By Ben Goldfarb
Some 40 million miles of roadways encircle the earth, yet we tend to regard them only as infrastructure for human convenience. While roads are so ubiquitous they're practically invisible to us, wild animals experience them as entirely alien forces of death and disruption. In Crossings, environmental journalist Ben Goldfarb travels throughout the United States and around the world to investigate how roads have transformed our planet. A million animals are killed by cars each day in the U.S. alone, but as the new science of road ecology shows, the harms of highways extend far beyond roadkill. Creatures from antelope to salmon are losing their ability to migrate in search of food and mates; invasive plants hitch rides in tire treads; road salt contaminates lakes and rivers; and the very noise of traffic chases songbirds from vast swaths of habitat.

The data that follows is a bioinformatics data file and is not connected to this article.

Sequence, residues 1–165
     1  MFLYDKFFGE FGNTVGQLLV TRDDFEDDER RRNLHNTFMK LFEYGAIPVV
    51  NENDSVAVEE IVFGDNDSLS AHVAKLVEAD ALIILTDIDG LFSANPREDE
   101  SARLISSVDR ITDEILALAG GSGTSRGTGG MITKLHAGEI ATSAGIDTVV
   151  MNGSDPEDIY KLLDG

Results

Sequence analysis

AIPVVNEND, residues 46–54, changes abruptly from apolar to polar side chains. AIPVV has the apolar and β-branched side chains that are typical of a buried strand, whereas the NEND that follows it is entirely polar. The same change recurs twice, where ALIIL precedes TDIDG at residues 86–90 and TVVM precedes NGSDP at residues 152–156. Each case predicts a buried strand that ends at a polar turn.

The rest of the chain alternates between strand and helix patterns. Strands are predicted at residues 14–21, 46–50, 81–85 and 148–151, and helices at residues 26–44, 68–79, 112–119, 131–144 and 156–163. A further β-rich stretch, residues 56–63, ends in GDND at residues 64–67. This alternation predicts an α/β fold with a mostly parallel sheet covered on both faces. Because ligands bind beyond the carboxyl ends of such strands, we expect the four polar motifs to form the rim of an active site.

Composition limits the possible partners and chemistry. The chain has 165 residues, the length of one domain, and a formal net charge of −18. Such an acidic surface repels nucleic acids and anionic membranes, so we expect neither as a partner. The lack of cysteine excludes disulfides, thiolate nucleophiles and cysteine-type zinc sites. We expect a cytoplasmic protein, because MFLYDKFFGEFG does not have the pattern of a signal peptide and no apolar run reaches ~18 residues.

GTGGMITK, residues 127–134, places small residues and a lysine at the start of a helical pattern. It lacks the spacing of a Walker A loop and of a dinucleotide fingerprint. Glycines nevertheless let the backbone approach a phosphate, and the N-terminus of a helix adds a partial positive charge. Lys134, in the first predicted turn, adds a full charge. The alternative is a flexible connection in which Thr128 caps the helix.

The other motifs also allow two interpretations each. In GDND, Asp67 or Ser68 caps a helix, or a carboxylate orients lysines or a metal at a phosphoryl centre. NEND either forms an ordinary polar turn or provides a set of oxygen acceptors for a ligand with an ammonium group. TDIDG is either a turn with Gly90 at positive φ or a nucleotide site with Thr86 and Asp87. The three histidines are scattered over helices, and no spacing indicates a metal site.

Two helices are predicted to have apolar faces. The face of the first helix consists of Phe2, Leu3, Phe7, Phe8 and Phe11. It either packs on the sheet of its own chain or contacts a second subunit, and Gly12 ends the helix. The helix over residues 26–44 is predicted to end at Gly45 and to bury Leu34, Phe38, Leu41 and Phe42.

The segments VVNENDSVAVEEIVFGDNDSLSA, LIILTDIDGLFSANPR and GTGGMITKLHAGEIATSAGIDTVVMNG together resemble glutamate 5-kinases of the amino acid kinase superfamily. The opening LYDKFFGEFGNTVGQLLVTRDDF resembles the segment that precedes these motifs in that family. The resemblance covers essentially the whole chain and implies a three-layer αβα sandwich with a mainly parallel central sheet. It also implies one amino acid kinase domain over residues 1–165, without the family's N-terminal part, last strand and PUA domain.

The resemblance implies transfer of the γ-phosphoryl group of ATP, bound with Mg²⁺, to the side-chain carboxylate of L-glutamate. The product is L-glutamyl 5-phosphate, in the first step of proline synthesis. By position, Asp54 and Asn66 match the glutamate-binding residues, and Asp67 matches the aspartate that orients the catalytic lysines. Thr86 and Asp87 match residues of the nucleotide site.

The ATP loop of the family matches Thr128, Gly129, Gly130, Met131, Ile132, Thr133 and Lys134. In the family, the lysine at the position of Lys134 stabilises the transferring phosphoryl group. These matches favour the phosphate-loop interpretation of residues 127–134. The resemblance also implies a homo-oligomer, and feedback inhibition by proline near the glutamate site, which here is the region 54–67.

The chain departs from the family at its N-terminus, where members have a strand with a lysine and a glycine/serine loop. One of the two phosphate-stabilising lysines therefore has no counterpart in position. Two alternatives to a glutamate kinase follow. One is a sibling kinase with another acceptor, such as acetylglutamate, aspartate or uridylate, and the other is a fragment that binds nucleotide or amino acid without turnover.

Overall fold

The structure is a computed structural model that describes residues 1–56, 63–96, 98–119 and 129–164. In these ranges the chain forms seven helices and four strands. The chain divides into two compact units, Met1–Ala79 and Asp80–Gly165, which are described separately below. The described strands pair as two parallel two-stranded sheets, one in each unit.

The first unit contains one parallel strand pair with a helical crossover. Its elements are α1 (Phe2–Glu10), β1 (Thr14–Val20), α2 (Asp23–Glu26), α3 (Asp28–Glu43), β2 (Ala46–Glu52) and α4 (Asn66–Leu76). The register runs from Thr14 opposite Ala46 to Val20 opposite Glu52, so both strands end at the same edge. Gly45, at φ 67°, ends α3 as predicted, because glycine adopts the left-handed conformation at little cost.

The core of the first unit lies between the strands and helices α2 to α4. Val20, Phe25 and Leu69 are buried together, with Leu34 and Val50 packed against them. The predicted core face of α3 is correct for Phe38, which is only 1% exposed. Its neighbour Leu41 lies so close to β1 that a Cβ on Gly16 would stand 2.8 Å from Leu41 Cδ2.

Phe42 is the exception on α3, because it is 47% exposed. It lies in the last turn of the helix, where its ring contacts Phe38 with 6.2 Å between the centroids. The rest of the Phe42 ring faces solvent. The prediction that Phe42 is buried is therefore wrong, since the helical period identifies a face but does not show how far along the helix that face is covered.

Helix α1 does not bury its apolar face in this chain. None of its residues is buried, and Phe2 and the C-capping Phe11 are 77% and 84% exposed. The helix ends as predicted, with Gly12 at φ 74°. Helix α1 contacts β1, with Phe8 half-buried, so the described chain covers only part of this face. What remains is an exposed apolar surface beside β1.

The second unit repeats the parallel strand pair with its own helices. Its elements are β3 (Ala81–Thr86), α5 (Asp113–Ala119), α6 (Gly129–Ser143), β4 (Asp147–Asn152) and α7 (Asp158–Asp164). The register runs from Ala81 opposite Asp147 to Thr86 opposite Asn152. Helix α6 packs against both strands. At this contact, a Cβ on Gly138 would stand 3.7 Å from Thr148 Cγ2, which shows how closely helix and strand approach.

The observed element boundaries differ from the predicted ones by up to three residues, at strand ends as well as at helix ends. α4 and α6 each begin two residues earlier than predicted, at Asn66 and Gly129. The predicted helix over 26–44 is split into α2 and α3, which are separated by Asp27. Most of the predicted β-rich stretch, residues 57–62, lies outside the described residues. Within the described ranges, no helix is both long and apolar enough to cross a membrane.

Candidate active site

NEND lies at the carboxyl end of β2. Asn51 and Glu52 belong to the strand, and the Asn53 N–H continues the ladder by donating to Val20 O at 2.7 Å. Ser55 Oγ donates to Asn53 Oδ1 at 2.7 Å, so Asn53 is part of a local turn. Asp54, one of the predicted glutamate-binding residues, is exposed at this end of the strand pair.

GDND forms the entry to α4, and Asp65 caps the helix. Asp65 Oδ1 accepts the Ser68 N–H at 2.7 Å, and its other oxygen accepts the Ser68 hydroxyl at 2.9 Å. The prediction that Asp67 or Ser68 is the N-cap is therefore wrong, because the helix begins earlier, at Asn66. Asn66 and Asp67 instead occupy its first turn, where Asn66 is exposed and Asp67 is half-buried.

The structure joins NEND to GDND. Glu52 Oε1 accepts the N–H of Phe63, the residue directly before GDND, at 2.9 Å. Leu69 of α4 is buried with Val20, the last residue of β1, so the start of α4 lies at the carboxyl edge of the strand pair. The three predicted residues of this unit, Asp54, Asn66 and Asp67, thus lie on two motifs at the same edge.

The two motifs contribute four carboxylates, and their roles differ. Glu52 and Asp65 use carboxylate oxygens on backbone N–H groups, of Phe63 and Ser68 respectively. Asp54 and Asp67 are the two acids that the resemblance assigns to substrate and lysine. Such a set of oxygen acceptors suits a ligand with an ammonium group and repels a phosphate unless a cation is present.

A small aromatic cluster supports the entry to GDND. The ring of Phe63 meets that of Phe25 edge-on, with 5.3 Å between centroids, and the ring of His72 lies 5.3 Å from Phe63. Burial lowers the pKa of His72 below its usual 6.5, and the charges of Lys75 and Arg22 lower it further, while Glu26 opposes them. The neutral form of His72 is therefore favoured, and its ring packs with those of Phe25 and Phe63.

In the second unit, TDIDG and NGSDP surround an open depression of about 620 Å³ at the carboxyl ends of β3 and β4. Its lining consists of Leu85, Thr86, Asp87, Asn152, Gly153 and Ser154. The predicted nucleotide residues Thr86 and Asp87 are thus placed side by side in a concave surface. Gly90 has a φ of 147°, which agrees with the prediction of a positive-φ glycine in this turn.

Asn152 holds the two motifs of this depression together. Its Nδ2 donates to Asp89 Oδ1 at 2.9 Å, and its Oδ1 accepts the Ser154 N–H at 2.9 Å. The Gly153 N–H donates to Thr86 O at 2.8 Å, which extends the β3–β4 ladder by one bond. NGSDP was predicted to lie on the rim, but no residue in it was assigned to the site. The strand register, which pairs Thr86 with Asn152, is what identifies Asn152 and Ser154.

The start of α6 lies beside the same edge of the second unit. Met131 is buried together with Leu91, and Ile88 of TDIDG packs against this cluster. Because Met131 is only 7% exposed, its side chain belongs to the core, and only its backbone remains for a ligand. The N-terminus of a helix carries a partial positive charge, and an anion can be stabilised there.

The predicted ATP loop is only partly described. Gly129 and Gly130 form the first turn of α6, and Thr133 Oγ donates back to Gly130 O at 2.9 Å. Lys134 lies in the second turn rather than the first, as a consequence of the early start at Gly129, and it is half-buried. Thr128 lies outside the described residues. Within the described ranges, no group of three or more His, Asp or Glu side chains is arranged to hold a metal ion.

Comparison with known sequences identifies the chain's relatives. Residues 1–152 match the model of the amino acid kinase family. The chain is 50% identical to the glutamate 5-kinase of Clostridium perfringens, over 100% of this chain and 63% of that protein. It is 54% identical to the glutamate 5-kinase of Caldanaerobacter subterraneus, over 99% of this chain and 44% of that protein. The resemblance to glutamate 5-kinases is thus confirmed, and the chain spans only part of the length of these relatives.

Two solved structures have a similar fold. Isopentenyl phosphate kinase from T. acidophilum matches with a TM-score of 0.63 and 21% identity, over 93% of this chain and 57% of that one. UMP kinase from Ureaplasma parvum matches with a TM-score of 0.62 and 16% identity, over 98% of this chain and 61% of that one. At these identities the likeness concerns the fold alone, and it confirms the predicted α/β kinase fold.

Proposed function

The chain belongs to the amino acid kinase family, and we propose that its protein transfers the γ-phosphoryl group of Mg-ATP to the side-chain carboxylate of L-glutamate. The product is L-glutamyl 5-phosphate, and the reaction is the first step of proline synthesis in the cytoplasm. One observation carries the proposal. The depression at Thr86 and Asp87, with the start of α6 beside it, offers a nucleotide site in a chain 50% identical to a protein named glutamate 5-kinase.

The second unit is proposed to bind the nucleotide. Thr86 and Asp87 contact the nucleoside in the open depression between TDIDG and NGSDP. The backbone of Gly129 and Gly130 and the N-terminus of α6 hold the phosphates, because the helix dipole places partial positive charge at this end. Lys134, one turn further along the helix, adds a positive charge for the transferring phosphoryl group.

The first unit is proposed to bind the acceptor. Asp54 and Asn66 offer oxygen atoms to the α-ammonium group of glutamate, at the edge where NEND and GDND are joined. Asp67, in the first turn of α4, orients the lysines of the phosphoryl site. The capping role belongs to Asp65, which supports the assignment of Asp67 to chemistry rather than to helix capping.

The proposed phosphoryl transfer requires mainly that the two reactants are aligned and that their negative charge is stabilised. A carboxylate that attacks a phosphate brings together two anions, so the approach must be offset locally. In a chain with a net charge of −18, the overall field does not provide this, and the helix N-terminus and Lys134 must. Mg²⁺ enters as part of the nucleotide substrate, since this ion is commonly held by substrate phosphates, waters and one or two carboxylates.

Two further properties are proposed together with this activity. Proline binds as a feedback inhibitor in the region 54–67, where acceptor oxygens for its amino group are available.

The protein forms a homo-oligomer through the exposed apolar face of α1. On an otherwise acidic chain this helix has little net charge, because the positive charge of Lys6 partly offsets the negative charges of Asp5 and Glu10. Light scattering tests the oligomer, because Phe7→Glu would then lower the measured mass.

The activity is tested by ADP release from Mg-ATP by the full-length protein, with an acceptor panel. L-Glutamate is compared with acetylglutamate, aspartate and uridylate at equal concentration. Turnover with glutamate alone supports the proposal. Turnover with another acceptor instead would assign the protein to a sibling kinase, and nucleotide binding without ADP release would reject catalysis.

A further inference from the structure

Yet road ecologists are also seeking to blunt the destruction through innovative solutions. Goldfarb meets with conservationists building bridges for California's mountain lions and tunnels for English toads, engineers deconstructing the labyrinth of logging roads that web national forests, animal rehabbers caring for Tasmania's car-orphaned wallabies, and community organizers working to undo the havoc highways have wreaked upon American cities.
Today, as our planet's road network continues to grow exponentially, the science of road ecology has become increasingly vital. Written with passion and curiosity, Crossings is a sweeping, spirited, and timely investigation into how humans have altered the natural world--and how we can create a better future for all living beings.
- 384 pages
- W. W. Norton & Company (9/12/23)
- 6 x 1.3 x 9 inches